The biblical book of Daniel is a story of kingdoms at war during one of the most crucial periods of world history. The prophet Daniel lived at a moment of great change and upheaval. He was an intelligent young Jew taken captive to Babylon during one of Nebuchadnezzar’s invasions. He found himself promoted to a key role in the court of the king of Babylon, capital of the Chaldean Neo-Babylonian Empire that spread across the Middle East.
Daniel spent his adult life working in the courts of power of two kingdoms—the kingdom of Babylon and later the kingdom of Persia. God gave Daniel the gift of understanding to interpret dreams and prophecies and even the strangest of sights—the handwriting of a floating hand that appeared in the banquet room of Belshazzar, the last Chaldean king of Babylon.
When we look at the events of that night we witness God’s gift to this devout and righteous prophet, a man who stood before great kings and testified of the glory and majesty of the God of heaven. Daniel’s example shows us what kind of person it takes to rise to the challenge of great moments in history. Here we see the power of the Spirit of God moving not only on the face of the earth, directing the course of nations, but in the noble life of one who humbly seeks to do God’s will.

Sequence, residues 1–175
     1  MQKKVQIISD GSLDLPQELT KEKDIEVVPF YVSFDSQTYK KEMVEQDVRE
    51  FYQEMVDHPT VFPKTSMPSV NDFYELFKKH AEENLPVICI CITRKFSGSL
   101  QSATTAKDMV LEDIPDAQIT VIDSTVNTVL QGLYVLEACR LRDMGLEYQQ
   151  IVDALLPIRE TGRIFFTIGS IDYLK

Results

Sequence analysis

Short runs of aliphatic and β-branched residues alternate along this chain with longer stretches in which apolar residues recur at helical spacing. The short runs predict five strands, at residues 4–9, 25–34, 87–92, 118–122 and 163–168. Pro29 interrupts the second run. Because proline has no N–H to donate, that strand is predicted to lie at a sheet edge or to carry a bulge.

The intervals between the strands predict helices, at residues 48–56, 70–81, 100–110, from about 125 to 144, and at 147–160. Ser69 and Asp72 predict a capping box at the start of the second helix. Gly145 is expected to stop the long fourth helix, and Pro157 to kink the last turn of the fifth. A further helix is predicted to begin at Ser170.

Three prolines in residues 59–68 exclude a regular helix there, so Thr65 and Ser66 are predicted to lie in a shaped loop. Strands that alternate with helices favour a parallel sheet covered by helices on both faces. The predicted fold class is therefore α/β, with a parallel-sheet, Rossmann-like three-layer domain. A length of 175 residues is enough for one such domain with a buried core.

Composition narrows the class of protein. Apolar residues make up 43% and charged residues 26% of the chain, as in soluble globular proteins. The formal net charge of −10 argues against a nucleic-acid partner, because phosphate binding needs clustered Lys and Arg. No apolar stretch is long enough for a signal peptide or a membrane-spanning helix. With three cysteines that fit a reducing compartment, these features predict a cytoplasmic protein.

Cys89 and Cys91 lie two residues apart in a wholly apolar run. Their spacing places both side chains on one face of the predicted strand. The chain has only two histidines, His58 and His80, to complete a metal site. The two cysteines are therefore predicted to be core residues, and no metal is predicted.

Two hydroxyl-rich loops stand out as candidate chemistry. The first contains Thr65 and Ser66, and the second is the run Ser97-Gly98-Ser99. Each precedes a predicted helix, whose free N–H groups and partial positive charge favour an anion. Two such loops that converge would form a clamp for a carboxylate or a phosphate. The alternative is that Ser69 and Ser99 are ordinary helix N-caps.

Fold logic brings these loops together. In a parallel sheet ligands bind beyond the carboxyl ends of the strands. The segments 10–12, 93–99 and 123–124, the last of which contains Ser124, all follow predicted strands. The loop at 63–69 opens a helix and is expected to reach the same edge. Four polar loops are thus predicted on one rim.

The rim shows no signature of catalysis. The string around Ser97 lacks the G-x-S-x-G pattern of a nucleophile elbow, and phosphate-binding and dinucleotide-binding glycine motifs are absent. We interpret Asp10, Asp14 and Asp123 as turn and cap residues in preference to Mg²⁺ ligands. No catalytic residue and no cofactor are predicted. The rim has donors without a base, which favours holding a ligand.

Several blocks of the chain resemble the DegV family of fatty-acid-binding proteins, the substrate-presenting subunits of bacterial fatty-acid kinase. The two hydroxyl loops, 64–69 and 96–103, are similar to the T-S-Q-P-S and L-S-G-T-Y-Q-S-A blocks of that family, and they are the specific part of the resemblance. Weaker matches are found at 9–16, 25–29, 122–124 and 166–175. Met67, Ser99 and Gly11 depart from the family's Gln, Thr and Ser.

On that fateful night, a hand appeared from nowhere and wrote on the wall of the king’s banquet room in front of hundreds of drunken guests. When the king saw this, “his face turned pale with fright. His knees knocked together in fear and his legs gave way beneath him” (Daniel 5:6 Daniel 5:6Then the king’s countenance was changed, and his thoughts troubled him, so that the joints of his loins were loosed, and his knees smote one against another.